# Greatest element and least element

Even if a set has some upper bounds, it need not have a greatest element, as shown by the example of the negative real numbers. This example also demonstrates that the existence of a least upper bound (the number 0 in this case) does not imply the existence of a greatest element either.

A greatest element of a subset of a preordered set should not be confused with a maximal element of the set, which are elements that are not strictly smaller than any other element in the set.

A set can have several maximal elements without having a greatest element. Like upper bounds and maximal elements, greatest elements may fail to exist.

In a totally ordered set the maximal element and the greatest element coincide; and it is also called **maximum**; in the case of function values it is also called the **absolute maximum**, to avoid confusion with a local maximum.^{[1]} The dual terms are **minimum** and **absolute minimum**. Together they are called the **absolute extrema**. Similar conclusions hold for least elements.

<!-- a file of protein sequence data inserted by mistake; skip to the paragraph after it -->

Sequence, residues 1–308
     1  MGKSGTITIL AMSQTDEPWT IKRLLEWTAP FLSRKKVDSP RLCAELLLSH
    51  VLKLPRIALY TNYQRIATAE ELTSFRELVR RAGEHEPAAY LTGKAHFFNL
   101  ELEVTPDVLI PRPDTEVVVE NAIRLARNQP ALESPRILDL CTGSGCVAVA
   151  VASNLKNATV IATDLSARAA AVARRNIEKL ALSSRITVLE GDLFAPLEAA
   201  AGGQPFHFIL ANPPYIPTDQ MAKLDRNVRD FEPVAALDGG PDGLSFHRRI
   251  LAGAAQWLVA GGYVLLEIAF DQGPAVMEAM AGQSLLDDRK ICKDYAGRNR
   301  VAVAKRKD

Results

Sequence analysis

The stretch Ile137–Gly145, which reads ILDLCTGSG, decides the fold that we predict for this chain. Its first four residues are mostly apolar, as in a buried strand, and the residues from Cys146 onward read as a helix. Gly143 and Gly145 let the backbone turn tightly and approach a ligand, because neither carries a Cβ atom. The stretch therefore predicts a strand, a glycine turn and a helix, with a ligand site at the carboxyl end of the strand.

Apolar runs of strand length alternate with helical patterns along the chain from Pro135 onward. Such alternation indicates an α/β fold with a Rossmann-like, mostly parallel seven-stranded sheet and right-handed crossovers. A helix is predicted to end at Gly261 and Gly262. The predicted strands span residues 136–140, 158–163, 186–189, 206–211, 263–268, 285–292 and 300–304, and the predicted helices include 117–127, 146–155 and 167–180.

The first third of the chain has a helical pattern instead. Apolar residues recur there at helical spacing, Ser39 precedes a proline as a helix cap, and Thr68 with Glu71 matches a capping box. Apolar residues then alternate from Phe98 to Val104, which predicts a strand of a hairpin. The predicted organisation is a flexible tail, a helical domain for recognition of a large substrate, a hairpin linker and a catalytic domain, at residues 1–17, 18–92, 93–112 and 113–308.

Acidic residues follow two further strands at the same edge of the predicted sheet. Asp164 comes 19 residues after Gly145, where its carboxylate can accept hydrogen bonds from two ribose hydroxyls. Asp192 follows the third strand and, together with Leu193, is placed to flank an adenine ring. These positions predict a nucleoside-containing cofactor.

The least and greatest element of the whole partially ordered set play a special role and are also called **bottom** (⊥) and **top** (⊤), or **zero** (0) and **unit** (1), respectively.
If both exist, the poset is called a **bounded poset**.
The notation of 0 and 1 is used preferably when the poset is a complemented lattice, and when no confusion is likely, i.e. when one is not talking about partial orders of numbers that already contain elements 0 and 1 different from bottom and top.
The existence of least and greatest elements is a special completeness property of a partial order.

Further introductory information is found in the article on order theory.